Alex Trebek smiles at Terrance from the TV, his closest friend aside from Matty these days. Alex reads a list of topics: history, literature, politics, and current culture, things Terrance has never bothered to pay attention to. He failed history on his first try and barely passed the second time, even with tutoring and plenty of face time at office hours to build goodwill with the teaching assistant. But somehow he knows the answers tonight—most before any of the contestants, and some before Alex even finishes reading the cards. Economic causes of the French Revolution, The Bay of Pigs, Barbara Jordon’s speech at Nixon’s impeachment hearings—the words float to the top of his head and shoot off his tongue. And he is right, every time, even when the contestants aren’t. If he’d been on the show instead of in his living room, he’d have won over twenty-one thousand dollars—and the respect of an audience, something he hasn’t known since that moment on the field.

He wants to be independent, show himself that he can be the same man he was, with or without the jersey. But when Matty offers to drive him to and from physical therapy, he doesn’t say no. It’s the company he can’t turn down. Something about Matty’s presence calms his nerves and slows the thoughts ping-ponging around his brain, gives him a familiar feeling of home. Matty talks for the entire drive; he’s such a smart boy. He explains the details of global warming, the history of the stock market, and the rationale for medical research on people. “Your knee is a prime example of the progress in the field,” he says, and points to Terrance’s leg. That’s when Terrance realizes that he isn’t really missing football, even when they’re talking about the game.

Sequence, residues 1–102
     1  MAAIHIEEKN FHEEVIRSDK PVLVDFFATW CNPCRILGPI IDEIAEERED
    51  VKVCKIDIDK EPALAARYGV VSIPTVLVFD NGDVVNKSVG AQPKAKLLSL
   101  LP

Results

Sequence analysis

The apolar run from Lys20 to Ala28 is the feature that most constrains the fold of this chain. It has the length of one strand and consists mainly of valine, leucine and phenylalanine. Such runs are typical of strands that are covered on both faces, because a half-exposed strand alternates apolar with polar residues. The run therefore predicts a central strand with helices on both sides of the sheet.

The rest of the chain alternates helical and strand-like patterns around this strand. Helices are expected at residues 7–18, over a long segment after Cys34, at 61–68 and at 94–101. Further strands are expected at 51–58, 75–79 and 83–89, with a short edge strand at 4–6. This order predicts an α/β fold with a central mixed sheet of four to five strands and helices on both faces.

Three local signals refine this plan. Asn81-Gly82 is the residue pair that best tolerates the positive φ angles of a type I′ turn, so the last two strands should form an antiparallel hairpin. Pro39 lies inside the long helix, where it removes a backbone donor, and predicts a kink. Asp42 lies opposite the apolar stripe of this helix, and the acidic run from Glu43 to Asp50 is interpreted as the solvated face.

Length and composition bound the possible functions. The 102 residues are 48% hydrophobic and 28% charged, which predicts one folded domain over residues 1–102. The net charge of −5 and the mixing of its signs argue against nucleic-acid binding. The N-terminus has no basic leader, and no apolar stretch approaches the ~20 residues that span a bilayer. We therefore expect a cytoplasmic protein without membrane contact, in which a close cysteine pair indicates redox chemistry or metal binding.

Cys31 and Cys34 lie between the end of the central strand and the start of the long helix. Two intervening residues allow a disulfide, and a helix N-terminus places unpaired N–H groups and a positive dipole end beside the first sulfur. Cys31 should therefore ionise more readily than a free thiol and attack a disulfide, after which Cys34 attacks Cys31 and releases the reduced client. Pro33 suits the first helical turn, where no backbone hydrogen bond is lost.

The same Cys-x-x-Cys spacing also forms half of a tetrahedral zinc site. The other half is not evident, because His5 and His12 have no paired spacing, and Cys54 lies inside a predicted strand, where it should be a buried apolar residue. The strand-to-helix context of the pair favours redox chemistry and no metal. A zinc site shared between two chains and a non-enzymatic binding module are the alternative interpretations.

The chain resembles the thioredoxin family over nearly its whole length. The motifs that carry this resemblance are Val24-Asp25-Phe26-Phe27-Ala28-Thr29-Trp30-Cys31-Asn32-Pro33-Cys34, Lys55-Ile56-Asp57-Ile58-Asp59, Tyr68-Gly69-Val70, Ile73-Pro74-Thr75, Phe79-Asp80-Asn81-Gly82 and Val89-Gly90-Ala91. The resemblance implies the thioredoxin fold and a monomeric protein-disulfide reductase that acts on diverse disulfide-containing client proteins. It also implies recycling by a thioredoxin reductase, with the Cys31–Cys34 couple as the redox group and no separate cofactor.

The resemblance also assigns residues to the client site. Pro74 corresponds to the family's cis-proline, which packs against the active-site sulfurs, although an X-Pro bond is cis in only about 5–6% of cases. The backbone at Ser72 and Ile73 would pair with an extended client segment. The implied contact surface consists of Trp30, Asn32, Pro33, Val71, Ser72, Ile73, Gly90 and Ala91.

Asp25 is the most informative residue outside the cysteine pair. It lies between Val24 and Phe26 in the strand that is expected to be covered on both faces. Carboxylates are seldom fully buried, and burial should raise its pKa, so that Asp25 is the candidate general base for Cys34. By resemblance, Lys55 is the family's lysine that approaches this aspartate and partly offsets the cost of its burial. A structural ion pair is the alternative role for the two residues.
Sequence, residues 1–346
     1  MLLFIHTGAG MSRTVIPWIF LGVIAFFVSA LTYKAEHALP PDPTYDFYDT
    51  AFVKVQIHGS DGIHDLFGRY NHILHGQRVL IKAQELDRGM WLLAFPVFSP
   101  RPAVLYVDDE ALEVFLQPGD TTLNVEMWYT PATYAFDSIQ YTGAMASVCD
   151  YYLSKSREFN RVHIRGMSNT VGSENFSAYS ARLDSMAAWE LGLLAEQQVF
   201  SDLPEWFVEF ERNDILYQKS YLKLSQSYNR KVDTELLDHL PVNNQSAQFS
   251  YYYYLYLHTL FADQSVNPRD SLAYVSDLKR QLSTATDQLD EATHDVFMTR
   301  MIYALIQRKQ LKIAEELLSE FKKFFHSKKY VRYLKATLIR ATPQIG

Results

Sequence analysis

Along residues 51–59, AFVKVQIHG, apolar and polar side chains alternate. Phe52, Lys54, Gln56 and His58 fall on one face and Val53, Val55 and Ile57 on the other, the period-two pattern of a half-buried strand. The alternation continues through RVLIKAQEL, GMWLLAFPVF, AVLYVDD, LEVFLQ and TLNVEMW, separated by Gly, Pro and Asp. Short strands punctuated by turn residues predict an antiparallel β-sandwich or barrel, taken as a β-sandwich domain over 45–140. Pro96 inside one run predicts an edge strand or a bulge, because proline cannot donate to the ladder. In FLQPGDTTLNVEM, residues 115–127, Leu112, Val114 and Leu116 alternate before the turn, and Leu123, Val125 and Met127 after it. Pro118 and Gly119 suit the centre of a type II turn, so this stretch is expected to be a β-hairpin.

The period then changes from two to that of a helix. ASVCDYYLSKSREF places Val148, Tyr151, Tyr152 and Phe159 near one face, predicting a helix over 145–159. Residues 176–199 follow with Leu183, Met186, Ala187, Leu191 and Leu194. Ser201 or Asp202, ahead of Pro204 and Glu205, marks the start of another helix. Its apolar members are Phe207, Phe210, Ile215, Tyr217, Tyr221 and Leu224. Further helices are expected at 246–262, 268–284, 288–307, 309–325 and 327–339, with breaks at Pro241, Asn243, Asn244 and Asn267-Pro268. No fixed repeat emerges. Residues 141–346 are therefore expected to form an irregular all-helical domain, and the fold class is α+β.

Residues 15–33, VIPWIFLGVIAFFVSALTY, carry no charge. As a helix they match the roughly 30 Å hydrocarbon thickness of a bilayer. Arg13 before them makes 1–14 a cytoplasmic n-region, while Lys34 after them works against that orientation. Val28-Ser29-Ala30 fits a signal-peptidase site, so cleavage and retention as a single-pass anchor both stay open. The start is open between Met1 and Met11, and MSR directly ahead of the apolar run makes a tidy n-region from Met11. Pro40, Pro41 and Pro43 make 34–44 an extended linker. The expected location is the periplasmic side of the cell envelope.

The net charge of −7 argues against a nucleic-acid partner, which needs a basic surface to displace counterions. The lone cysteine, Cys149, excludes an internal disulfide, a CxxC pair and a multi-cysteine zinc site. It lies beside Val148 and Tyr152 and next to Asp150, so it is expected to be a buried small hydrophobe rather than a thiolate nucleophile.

His physical therapist says his knee is improving. Walking without crutches is far off, but he can lean weight onto his right leg and bend his knee when he’s on his back. “Those are big milestones in healing,” the therapist says, but the words bounce off Terrance’s chest. He is getting better, and may even be able to play football again, yet he is so sad he wants to lock himself in the patient changing room and cry. He smiles and nods at the therapist’s cheery words, gives the guy a thumbs up, and fights back the glob of emotion working its way up his throat.

The sadness doesn’t leave him on the ride home. Verklempt, he thinks. Although he’s never used that word before, it just feels right. He looks back at the empty seat behind them and feels a loss similar to that which he felt the first winter break, when he went home to Florida and longed for Raleigh. Terrance is in mourning, he is sure of it. He rests his hand on the cold door handle and watches the world blur by.

“Turn left up here,” he says, leaning toward Matty.

“Where to?” Matty asks. He moves into the left lane—no objections, just curiosity.

“I want to take a detour.”

He directs Matty as if led by an internal GPS. The new tendons in his knee twitch and tingle, sending a signal down his leg that makes his second toe wiggle in his sock. The car turns down a familiar street—he’s been here before, even if he doesn’t know where here is. Sidewalks thin out and trees tower higher, congregating closer together. It’s an older part of the city, where things have had more time to grow.